depend on dividends, distributions and other payments from our banking and nonbanking subsidiaries to fund
         dividend payments on our common stock and to fund all payments on our other obligations, including debt
         obligations. Our banking subsidiaries and certain other of our subsidiaries are subject to laws that authorize
         regulatory bodies to block or reduce the flow of funds from those subsidiaries to us, and certain of our
         subsidiaries also are, or may become, subject to regulatory orders that would further limit their ability to pay
         dividends to us. See “— We are presently subject to, and in the future may become subject to additional,
         supervisory actions and/or enhanced regulation that could have a material adverse effect on our business,
         operations, flexibility, financial condition, and the value of our common stock.” Regulations on bank and financial
         holding companies may also restrict our ability to pay dividends on our capital stock. Regulatory action of that
         kind could impede access to funds we need to make payments on our obligations or dividend payments.


         We may be unable to pay dividends on our common stock and other securities.

         Although we have historically paid a quarterly cash dividend to the holders of our common stock, we currently
         pay dividends of only $0.01 per common share, and holders of our common stock are not legally entitled to
         receive dividends. The elimination of dividends paid on our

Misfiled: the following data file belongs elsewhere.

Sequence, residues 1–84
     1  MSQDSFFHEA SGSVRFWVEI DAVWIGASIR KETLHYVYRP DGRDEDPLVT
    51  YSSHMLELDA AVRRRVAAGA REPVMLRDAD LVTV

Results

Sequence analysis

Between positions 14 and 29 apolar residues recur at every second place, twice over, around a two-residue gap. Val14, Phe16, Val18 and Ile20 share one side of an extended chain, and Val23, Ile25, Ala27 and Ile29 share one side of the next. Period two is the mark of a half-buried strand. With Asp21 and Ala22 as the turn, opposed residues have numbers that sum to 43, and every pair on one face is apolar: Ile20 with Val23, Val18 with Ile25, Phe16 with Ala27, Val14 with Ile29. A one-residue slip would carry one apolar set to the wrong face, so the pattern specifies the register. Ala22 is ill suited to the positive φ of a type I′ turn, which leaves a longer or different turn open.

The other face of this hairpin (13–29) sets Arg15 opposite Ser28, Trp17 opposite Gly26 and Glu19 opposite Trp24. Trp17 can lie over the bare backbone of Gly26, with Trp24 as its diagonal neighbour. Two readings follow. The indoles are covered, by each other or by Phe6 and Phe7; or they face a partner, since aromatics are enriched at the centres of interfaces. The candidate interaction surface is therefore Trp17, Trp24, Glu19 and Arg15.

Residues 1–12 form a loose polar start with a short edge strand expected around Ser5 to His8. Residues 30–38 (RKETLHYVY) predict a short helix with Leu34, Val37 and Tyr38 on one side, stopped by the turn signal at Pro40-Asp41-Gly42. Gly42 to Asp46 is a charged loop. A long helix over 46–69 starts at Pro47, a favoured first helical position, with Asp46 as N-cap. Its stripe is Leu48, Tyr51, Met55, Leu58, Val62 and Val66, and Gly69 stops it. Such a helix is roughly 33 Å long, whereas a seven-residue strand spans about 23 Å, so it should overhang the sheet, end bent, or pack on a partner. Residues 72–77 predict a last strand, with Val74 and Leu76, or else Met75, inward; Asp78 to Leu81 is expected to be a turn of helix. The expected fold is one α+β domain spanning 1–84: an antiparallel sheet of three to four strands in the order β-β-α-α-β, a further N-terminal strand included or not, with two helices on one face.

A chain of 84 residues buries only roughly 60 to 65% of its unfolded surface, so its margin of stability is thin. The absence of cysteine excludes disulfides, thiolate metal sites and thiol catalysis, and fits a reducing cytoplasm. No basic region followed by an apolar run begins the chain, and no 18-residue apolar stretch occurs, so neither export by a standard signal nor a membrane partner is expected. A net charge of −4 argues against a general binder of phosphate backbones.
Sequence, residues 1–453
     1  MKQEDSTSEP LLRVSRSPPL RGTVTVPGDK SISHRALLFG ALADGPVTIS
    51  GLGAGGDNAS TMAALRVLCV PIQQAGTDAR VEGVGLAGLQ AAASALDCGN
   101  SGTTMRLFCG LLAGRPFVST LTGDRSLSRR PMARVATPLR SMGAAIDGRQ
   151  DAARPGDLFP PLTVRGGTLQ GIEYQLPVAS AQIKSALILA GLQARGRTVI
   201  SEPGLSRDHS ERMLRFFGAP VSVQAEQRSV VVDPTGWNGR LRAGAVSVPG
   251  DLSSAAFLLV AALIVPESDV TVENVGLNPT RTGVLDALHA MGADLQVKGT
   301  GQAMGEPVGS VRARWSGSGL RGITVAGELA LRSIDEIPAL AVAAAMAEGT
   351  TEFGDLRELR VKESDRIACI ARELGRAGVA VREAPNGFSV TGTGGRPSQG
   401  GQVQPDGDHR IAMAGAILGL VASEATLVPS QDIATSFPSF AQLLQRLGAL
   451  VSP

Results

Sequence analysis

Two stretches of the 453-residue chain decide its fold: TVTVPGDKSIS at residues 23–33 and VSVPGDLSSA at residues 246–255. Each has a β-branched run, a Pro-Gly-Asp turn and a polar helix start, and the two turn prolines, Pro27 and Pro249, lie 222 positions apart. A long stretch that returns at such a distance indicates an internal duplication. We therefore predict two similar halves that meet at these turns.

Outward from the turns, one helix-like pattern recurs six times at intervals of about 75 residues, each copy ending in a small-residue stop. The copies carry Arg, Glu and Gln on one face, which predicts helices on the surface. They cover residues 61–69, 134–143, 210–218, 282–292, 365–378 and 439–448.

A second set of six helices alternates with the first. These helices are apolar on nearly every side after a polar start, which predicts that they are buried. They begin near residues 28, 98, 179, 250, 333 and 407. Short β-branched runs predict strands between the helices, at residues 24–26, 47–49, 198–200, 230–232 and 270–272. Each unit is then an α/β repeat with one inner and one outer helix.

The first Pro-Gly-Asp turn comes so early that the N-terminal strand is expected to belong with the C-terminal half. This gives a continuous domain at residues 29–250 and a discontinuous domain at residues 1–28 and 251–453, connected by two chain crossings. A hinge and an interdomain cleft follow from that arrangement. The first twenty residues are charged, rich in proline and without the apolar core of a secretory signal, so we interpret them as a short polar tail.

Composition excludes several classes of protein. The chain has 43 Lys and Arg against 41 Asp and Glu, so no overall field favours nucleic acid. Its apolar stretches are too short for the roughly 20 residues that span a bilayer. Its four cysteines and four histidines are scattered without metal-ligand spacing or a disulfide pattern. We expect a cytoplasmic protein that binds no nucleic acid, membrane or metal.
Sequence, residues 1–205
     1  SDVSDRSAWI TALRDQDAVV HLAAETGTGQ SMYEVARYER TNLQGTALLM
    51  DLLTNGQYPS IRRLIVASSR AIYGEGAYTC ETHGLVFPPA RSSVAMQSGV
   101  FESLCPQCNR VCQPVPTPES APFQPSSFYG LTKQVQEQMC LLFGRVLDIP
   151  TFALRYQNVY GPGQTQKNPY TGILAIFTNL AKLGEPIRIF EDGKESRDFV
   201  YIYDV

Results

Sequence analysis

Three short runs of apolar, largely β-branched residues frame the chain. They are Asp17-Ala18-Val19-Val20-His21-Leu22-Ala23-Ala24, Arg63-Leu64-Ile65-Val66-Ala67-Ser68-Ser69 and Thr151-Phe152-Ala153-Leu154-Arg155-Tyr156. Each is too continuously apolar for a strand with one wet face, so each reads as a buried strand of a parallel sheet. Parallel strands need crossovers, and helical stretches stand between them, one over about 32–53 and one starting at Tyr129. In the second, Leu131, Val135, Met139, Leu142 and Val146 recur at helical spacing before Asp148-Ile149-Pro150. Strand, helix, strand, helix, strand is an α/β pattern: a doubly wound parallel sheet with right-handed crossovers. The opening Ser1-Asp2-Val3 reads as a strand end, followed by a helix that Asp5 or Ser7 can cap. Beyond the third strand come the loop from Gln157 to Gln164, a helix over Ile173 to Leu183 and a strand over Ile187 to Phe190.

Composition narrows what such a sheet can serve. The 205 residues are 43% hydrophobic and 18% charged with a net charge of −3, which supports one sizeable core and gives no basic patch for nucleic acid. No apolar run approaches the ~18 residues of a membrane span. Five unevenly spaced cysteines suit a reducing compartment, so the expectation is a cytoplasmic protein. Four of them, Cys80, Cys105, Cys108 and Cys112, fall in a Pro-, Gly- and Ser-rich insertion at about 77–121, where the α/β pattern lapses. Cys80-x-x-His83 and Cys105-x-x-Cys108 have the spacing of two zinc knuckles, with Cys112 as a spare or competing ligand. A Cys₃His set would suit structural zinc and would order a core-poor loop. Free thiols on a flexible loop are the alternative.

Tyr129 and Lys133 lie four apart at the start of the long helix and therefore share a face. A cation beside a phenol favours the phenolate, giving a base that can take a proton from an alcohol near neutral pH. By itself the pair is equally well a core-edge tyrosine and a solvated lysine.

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         common stock could adversely affect the market price of our common stock. In addition, as a result of the
         memorandum of understanding described above, we are required to inform the Federal Reserve in advance of
         declaring or paying any future dividends on any of our securities, including our common stock and the TARP
         preferred stock and the Federal Reserve could decide at any time that paying any such dividends could be an
         unsafe or unsound banking practice. Any of these decisions could adversely affect the market price of our
         common stock and have adverse impacts on our business, reputation and ability to access the capital markets.
         For a discussion of current regulatory limits on our ability to pay dividends above $0.01 per common share, see
         “Part I — Item 1 — Business — Supervision, Regulation and Other Factors— Dividends” and “— Risk Factors —
         We are presently subject to, and in the future may become subject to additional, supervisory actions and/or
         enhanced regulation that could have a material negative effect on our business, operating flexibility, financial
         condition and the value of our common stock” in our 2009 10-K and “Dividends” under “Management’s
         Discussion and Analysis of Financial Condition and Results of Operations” in our 2009 10-K.